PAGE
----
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How to Rejuvenate Ornamental Grass

Ornamental grasses require little maintenance, but they eventually need rejuvenation. If your ornamental grass has a large dead space in the center or the grass has been flopping for the last few years, it is probably time to divide it. You may also want to reevaluate the site your plant is growing in. If the flower plumes (called inflorescences) are sporadic or nonexistent, the plant probably does not receive enough light and, in addition to being divided, could benefit from being moved altogether.

Cut back last year's foliage before dividing. For small grasses, such as blue fescue (Festuca), use garden scissors or pruners to cut the grass back to a few inches. With larger grasses, tie rope around them to hold them in place. Large varieties, especially Miscanthus varieties, require stronger pruning tools, from hedge clippers to a weed trimmer or even a chainsaw. Cut larger varieties back to 6 to 8 inches.

Lift smaller grasses with a trowel or shovel, digging sufficiently under the clump so that you do not damage its roots. Larger grasses usually require more muscle. Well-established grasses may require, as the Proven Winners website attests, "a strong back, or three," to lift plants out of the ground. Dig down under roots. Use a crowbar, if necessary, to get the clump out of the ground.

After the clump is lifted, divide it into sections with a good chunk of roots in each. Use a sharp knife for smaller grasses. Larger grasses may be divided with a shovel or with the spade fork method, a dividing technique Tracy DiSabato-Aust describes in her book "The Well-Tended Perennial Garden" (Timber Press; 1998): Hold two spade forks back to back with the forks interlocked. With a single motion, move the handles in opposite directions and split the clump apart. If more muscle is needed, Proven Winners suggests an axe, a concrete saw or even a chainsaw as a last resort.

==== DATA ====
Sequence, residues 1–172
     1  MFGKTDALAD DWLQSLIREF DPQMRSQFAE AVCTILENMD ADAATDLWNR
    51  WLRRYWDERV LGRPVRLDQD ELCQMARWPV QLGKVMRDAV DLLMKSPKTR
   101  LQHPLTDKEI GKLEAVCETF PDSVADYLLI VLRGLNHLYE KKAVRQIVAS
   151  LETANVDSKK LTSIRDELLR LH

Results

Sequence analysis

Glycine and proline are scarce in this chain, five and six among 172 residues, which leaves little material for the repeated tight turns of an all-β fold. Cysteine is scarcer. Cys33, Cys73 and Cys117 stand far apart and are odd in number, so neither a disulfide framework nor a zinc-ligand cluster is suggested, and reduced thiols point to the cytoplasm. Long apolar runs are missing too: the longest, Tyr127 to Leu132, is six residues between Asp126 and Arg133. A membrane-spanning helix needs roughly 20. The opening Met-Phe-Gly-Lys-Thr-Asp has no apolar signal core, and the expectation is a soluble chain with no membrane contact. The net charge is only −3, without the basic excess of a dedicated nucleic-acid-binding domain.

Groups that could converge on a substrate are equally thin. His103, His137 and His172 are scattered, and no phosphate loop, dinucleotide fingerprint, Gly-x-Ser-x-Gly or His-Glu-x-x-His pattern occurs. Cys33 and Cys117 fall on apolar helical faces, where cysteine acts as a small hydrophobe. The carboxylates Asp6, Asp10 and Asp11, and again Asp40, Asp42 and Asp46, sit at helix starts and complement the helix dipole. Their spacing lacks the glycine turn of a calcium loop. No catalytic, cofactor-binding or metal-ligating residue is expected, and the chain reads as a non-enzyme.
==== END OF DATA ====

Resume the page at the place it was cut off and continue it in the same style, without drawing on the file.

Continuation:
Take out any dead sections from the divisions. For smaller grasses, further division can often be made by gently loosening the roots, as long as there is enough of a root system for each planting.

Dig holes for divisions in chosen areas. Put planting mix into the holes, along with existing soil. Water the soil, and then plant your divisions to the depth they were in the original clump. Backfill the hole, tamping down lightly as you fill. Water the plant.


According to the Broadview Gardens website, ornamental grasses should be cut back every year and into a mound shape, with the center of the clump cut higher, to help keep the plant from developing the dead space in the center.

Proven Winners suggests cutting back cool season grasses like feather reed grass (Calamagrostis) in early spring. Warm season grasses such as fountain grass (Pennisetum) and miscanthus should be cut midspring or as new growth is coming in.

For division, Proven Winners categorizes their guidelines for grasses into cool and warm season. Cool season grasses should be divided in spring; divide warm season ones while they are growing.

Keep an eye on your divisions for the first few years in terms of water. Once established, ornamental grasses are rather drought tolerant.

Lightly feed grasses each spring with a garden fertilizer that doesn't have too much nitrogen. Do not overfertilize ornamental grasses, as they tend to weaken with too much nitrogen. Established plants rarely need much fertilizing.


When cutting grasses, wear gloves and long sleeves and pants, as the leaves can cut the skin like paper does and miscanthus can cause a mild skin irritation for people with sensitive skin.

Follow manufacturer's directions on any tools, power or manual, used for pruning and dividing, and consider safety at all times.

Plant ornamental grasses where they will get good air circulation to prevent disease.

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